Welcome to part 5 of my mapping the state blog. This is part of a series analysing the Irish State. Part 1 of the series focused on the formal framework of the government . Part 2 of the blog focused on The Judiciary and the Oireachtas. Part 3 focused on Local Government and Ranking the Departments. And part 4 focused on Quangos.
How to get nominated to Local Government
If you wish to be nominated to stand for election to a local authority in Ireland, there is a specific week in which you must be nominated. This week takes place four weeks before the polling day.
You may nominate yourself or be nominated by a local government elector registered in the area. You may be nominated to stand in more than one area.
How to get elected to Local Government
Local elections are held in Ireland every five years in May or June. At these elections, members of the local community elect different Councillors to represent the community in local authorities.
The number of Councillors that may be elected to each local authority changes from area to area.
The Minister for Housing, Planning, Community and Local Government may divide each city or county area into smaller local electoral areas and may fix the number of Councillors that can be elected for each of these areas.
The polling date is fixed by an order of the Minister for Housing, Planning, Community and Local Government and is the same day in all of the local authority areas. The polling period must last at least 12 hours usually between 7.00 am and 10.30 pm.
The responsibility for conducting the election lies with the secretary or clerk of each local authority that acts as the returning officer. Each local authority pays the cost of running the election.
There is a week for nominating candidates to stand at local election; which occurs four weeks before the polling day.
On the polling day, voters can vote by secret ballot in their local polling station. The electoral system is based on proportional representation with single transferable vote.
If a candidate is elected to more than one local authority area, they must declare in writing which area he or she wishes to represent within three days of the public notice of the results of the election.
How partisan party politics work at local level
At government level, your vote will be dictated by the party whip. Each party will be told what they are going to vote on. In Local Government the whip is not as strong and people are more likely to vote for what they want.
Local Government is much more communal than oppositionist, they usually rise above party politics.
Strengths & Weaknesses of Irish Local Government
- Local authorities are able to adapt to local needs and react more quickly to local problems than central government.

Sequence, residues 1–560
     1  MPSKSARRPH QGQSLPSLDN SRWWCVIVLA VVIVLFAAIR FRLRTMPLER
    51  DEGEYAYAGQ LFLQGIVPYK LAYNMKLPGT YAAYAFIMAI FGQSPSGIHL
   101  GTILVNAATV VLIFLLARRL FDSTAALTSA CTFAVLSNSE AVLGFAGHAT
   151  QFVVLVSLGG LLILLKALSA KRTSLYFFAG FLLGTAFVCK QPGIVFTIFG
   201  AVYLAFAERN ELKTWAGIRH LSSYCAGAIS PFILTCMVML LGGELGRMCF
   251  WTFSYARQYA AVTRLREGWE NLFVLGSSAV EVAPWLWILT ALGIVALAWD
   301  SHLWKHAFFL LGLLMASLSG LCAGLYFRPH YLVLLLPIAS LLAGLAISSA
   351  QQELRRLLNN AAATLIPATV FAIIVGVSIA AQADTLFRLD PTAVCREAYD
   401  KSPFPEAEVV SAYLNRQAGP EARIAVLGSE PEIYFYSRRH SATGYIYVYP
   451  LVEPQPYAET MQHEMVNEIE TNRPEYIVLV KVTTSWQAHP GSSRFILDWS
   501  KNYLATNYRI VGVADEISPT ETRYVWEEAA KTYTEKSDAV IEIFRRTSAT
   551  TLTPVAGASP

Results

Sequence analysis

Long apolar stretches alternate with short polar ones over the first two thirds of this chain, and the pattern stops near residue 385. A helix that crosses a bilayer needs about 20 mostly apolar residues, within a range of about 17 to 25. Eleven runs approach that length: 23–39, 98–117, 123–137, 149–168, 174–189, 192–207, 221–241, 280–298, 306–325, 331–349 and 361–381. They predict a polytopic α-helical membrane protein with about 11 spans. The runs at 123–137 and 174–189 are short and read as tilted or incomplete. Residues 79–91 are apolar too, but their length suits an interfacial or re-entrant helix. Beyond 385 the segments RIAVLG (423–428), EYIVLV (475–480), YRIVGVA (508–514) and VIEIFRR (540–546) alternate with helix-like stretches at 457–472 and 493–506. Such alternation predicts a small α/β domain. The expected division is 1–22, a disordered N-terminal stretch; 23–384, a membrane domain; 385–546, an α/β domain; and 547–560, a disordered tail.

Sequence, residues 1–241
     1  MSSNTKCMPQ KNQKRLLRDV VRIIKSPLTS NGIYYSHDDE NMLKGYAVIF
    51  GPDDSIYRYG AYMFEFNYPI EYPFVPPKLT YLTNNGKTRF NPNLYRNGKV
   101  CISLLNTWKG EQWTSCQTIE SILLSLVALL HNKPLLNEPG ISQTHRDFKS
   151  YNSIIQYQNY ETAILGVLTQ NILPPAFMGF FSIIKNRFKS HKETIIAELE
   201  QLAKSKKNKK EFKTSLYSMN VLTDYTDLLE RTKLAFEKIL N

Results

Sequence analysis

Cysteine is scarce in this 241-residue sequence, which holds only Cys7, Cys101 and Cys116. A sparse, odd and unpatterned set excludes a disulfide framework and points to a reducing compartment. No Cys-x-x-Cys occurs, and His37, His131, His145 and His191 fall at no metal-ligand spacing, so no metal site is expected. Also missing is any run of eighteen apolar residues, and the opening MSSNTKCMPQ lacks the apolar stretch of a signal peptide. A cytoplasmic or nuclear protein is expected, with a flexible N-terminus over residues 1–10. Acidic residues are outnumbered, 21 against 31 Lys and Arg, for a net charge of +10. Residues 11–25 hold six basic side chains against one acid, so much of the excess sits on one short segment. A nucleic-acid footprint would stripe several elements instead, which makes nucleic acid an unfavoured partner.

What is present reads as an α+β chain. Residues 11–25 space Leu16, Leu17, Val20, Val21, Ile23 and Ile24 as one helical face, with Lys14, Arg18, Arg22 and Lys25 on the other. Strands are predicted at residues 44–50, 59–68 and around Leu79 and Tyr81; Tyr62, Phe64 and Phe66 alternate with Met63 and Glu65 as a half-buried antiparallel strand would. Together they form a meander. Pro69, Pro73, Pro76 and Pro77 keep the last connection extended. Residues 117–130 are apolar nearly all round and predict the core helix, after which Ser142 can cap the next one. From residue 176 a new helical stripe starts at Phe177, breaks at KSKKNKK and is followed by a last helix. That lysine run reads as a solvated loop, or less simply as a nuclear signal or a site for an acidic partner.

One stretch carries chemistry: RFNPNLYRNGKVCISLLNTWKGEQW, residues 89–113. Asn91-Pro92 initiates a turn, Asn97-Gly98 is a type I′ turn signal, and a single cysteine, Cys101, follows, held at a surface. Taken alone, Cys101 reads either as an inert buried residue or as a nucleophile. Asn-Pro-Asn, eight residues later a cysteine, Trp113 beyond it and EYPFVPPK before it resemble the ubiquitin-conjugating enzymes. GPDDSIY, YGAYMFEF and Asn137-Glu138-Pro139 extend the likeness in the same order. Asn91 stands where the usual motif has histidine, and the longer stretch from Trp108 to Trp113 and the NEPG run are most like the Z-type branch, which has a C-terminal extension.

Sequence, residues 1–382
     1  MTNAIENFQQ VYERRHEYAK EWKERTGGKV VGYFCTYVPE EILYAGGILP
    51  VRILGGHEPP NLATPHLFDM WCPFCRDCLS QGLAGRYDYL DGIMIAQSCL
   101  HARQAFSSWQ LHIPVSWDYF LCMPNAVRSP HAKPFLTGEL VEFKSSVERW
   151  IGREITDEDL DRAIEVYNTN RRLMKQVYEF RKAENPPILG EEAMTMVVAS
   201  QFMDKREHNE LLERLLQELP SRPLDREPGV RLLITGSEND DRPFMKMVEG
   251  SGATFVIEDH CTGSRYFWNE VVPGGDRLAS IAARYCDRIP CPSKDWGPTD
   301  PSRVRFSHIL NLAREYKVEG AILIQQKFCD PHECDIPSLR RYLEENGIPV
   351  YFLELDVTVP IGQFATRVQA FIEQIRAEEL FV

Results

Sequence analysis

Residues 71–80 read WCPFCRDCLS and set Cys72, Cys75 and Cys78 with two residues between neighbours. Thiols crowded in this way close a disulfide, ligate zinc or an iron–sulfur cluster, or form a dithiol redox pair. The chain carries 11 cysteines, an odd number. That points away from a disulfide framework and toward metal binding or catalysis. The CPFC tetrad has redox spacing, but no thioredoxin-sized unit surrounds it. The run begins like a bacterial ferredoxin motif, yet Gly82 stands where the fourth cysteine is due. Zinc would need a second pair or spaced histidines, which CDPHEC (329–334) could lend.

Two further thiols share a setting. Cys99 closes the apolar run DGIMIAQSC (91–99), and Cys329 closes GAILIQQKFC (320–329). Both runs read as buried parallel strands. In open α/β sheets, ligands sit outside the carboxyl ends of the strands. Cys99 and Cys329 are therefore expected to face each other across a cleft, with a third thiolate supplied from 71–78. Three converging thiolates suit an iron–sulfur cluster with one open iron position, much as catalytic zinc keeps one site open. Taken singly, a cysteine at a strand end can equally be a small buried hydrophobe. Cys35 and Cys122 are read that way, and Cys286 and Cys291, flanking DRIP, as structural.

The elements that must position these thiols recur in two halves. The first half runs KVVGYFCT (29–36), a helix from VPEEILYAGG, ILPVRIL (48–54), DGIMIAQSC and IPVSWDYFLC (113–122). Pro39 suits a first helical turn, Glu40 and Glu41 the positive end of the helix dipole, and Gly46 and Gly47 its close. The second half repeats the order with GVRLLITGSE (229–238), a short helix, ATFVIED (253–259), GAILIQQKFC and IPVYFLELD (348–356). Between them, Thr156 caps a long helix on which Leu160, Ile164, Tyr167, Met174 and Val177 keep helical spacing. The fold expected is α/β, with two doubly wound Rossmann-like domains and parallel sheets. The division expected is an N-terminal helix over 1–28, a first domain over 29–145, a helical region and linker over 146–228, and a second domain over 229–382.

- Local government is closer to the public and allows them to have a more direct voice in the running of services.
- Local governments allows people from the political parties to gain experience in politics and gain knowledge on issues such as transport, education and social care.
- Party politics is not relevant at local level. Decisions over local services should be made in terms of what is best overall. Not based off party politics.
- It is difficult to recruit capable people as Councillors at local level.
- Local Government can stifle local initiatives for the provision of services by local voluntary groups.
Where Local Government gets its income
- Goods and Services– Local authorities have the power to charge for services they provide e.g commercial water charges, housing rents and waste charges.
- Rates– Rates are levied annually by county, city, borough and certain town councils. Each of these authorities has exclusive rating jurisdiction within its own area. Rates are usually levied against the occupiers of commercial properties.
- Specific state grants– Specific State grants are paid to local authorities in respect of specific services/schemes.
- Local Government Fund– This is a special central fund which was established in 1999 under the Local Government Act 1998. It is financed by the full proceeds of motor tax and an Exchequer contribution. The Fund provides local authorities with the finance for general discretionary funding of their day-to-day activities and for non-national roads, and funding for certain local government initiatives.
- Community Fund– An elected council may establish a separate ‘community fund’ to support specific community initiatives such as amenity, recreational, environmental or community development projects of benefit to the area concerned. Contributions to the community fund may be made by local voluntary, business or community groups, and may be raised by the local authority by way of a community initiative scheme.
6. The Environment Fund– This is used primarily to support environmental initiatives, campaigns and programmes, many of which are organised at local or regional level under the auspices of local authorities. The proceeds of the plastic bag levy, which is paid by consumers and collected from retailers by the Revenue Commissioners, are paid into the Fund.
What is Local Government money spent on
The money spent by local authorities falls into seven main categories:
- Environmental Services
- Development Management
- Other(college grants, motor taxes, etc.)